That eight week stay ended up turning into eighteen months. I went home at the end of the eight weeks, dropped out of college, quit my part time job and came straight back to Japan. I spent the first thirteen months of that eighteen month trip partying in Tokyo.

But something kept eating at me.. I missed the dojo. It was in my blood. Since six years old, I'd only ever known training. So in November 2001, I took my Japanese speaking friend to the Aikikai Hombu Dojo and enrolled. I figured at the time, with all that ukemi training in a swimming pool, I'd be fine.

I was wrong.

After a month at the hombu, I quit. I desperately wanted to be good, but I didn't speak any Japanese and the classes (even the 2nd floor beginners class) are not designed for people who don't know how to roll or break fall. In fact it's a problem I come across all the time at the hombu dojo even today. Unless you have a personal relationship with a particular sensei, there is very little actual teaching going it. You watch and then you do. In other dojo's, the sempai-kohai (senior-junior) system is still somewhat in place (in the West, there is proper instruction from the sensei) but at the hombu dojo not so much. I often come across people who are desperate for someone to teach them but are either too scared to ask (due to the absolute silence in training) or don't know how to ask. It's a problem we really must look at.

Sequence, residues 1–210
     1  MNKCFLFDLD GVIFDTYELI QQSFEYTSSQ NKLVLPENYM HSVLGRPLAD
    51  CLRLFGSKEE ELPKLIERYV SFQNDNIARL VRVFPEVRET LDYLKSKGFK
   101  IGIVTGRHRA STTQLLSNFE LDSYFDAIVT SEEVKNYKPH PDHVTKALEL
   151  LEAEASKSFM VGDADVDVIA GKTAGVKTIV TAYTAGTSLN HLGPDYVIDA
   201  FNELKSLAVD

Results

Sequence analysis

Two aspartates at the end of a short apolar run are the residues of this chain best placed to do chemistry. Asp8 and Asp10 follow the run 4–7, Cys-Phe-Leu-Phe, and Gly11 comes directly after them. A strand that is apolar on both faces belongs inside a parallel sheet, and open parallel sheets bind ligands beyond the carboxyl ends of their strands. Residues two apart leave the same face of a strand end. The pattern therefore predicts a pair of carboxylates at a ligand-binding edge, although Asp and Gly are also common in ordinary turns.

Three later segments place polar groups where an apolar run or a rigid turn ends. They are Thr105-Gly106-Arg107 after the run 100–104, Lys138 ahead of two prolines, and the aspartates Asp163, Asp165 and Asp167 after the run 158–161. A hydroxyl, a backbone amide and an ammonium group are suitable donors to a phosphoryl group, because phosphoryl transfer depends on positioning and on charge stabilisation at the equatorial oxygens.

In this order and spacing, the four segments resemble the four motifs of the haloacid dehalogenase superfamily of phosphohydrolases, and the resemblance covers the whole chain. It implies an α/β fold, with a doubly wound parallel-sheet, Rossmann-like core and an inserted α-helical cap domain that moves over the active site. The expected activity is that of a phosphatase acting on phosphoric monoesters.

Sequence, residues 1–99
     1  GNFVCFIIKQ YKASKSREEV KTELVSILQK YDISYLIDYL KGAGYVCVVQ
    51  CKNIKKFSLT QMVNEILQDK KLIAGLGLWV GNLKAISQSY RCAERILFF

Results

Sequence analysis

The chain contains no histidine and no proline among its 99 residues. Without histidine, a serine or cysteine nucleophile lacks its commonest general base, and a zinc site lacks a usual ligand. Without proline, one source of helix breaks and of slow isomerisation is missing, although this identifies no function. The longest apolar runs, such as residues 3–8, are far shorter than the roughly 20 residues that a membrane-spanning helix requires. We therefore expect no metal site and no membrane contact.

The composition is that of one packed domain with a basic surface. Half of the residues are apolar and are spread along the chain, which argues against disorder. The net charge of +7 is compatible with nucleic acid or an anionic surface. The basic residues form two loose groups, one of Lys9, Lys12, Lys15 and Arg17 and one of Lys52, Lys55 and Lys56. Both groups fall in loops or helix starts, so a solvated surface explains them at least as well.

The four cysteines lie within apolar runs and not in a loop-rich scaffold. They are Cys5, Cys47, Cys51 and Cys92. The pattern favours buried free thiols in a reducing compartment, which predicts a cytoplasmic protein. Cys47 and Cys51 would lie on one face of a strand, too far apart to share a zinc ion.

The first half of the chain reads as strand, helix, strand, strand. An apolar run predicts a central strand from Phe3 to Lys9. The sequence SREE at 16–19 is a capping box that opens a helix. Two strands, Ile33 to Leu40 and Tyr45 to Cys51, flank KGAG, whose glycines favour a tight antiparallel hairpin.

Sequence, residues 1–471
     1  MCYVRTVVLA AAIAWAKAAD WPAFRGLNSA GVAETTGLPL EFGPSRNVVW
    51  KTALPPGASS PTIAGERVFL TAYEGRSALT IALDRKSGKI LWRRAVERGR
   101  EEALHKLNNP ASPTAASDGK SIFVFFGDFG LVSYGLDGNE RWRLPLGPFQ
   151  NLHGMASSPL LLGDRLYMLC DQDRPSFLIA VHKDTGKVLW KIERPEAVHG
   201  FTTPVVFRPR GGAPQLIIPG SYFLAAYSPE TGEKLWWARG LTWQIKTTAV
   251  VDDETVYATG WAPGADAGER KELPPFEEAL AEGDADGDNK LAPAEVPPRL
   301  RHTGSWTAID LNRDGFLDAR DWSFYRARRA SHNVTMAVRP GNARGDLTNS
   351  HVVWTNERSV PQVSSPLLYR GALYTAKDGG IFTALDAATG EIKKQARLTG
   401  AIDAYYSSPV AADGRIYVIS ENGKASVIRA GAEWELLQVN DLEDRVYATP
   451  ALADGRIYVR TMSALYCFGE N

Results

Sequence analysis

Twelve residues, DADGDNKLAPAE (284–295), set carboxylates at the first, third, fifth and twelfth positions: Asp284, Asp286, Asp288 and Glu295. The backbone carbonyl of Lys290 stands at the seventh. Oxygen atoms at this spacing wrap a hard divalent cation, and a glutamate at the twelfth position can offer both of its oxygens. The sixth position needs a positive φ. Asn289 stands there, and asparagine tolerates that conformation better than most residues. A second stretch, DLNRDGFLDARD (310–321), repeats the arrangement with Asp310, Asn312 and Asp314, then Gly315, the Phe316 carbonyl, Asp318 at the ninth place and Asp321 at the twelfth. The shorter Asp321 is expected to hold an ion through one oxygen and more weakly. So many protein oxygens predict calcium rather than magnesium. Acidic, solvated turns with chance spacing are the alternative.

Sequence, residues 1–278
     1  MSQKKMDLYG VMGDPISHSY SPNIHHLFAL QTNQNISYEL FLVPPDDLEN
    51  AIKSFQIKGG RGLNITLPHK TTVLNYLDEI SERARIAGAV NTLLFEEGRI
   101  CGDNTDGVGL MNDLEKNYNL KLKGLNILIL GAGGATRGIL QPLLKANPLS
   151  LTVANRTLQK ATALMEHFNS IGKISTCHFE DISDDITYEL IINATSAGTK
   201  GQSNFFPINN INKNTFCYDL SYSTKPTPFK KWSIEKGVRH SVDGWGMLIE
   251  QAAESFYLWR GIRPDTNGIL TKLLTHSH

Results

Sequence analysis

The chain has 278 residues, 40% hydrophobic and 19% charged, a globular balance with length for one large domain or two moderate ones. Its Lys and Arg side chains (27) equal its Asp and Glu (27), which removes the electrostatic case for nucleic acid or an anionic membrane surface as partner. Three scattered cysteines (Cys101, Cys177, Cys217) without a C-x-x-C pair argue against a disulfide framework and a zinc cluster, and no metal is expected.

After quitting, I went back to my party ways, but it was still eating me up inside. A friend of my father's recommended I try Gessoji Dojo -- the famous dojo of Tada sensei. My time in Japan was winding down as I had decided to go back to school in Australia, but I thought I'd check it out anyway. I went down there, met Tada sensei, but decided that with limited Japanese ability, and the fact I would be going home in a couple of months, that I should wait.